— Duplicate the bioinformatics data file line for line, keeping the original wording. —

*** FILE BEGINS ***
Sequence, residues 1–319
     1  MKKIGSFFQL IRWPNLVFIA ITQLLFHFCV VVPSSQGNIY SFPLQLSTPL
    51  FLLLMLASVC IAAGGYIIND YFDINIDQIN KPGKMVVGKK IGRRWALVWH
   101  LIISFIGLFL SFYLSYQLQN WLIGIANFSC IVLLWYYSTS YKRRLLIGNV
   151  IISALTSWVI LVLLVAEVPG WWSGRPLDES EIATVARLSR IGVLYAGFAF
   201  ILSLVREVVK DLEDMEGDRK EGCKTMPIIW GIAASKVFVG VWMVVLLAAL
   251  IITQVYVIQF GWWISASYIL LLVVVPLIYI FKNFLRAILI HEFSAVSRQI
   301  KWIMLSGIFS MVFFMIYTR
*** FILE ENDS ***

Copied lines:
Sequence, residues 1–319
     1  MKKIGSFFQL IRWPNLVFIA ITQLLFHFCV VVPSSQGNIY SFPLQLSTPL
    51  FLLLMLASVC IAAGGYIIND YFDINIDQIN KPGKMVVGKK IGRRWALVWH
   101  LIISFIGLFL SFYLSYQLQN WLIGIANFSC IVLLWYYSTS YKRRLLIGNV
   151  IISALTSWVI LVLLVAEVPG WWSGRPLDES EIATVARLSR IGVLYAGFAF
   201  ILSLVREVVK DLEDMEGDRK EGCKTMPIIW GIAASKVFVG VWMVVLLAAL
   251  IITQVYVIQF GWWISASYIL LLVVVPLIYI FKNFLRAILI HEFSAVSRQI
   301  KWIMLSGIFS MVFFMIYTR